You’ll often read in the media how COVID cases are overburdening the hospital system. Beds are filling up, doctors and nurses are working day and night to care for patients, and the hospital system is at risk of coming apart at the seams. Journalists and politicians play this up, making it seem as though hospitals can’t keep up. But you know who isn’t worried? Hospital administrators.
If you think about it for a second, it makes sense that hospitals want to be relatively full. After all, each unused bed or each unused piece of equipment means that the hospital isn’t bringing in money. Hospitals with 90% full beds and 90% ICU capacity isn’t abnormal. Even 100% ICU isn’t abnormal, as hospitals are required to be able to adapt to 125% ICU capacity. So when cities like LA decide to impose lockdowns when ICUs reach 85% capacity, they’re really shutting things down for something that isn’t out of the ordinary.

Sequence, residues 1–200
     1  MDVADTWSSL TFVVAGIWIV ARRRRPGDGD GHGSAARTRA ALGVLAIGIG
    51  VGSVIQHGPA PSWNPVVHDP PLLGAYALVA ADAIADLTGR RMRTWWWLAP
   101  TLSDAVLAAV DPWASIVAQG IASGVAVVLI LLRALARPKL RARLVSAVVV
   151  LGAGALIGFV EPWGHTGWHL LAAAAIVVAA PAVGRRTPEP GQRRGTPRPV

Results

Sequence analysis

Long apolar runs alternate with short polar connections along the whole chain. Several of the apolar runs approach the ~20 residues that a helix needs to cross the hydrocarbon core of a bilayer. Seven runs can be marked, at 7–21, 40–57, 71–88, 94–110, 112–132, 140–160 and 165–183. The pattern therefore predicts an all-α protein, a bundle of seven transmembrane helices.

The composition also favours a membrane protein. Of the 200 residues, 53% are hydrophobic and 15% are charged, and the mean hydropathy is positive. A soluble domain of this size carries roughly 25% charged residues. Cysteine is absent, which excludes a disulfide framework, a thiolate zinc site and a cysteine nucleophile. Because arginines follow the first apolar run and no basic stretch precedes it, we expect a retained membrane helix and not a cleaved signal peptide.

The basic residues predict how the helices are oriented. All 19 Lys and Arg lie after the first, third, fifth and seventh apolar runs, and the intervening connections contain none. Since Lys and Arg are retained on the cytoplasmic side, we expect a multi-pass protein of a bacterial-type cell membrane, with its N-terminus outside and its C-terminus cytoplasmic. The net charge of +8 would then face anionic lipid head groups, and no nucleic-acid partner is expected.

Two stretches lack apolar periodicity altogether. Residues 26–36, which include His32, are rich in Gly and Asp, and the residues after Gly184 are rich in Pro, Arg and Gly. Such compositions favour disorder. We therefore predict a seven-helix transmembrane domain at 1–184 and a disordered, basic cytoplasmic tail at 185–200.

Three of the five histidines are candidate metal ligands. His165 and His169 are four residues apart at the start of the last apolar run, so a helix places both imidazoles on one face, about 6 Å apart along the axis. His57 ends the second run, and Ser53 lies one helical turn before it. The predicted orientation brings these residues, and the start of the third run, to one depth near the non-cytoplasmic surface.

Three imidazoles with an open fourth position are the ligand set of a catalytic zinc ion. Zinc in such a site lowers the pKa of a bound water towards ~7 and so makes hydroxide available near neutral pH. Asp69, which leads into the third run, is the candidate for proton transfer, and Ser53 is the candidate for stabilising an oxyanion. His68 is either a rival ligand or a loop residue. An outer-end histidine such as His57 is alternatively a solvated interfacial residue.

In fact, the numbers for many states are lower than they would normally be at this time of year. We’re supposed to be right in the middle of flu and pneumonia season, yet flu and pneumonia seem to have disappeared, replaced by COVID. Some hospitals may even be in danger of losing money due to not filling enough beds.
What we see in these scary headlines is a typical example of journalists, who often don’t know anything about anything, trying to get attention and drive traffic to their websites with clickbait headlines designed to scare the bejeesus out of people. Michael Crichton describes it well:
You open the newspaper to an article on some subject you know well. In Murray’s case, physics. In mine, show business. You read the article and see the journalist has absolutely no understanding of either the facts or the issues. Often, the article is so wrong it actually presents the story backward—reversing cause and effect. I call these the ‘wet streets cause rain’ stories. Paper’s full of them.
In any case, you read with exasperation or amusement the multiple errors in a story, and then turn the page to national or international affairs, and read as if the rest of the newspaper was somehow more accurate about Palestine than the baloney you just read. You turn the page, and forget what you know.
So the next time you read such scary headlines, remember that the reality may actually not be so dire. Or as the British say, keep calm and carry on.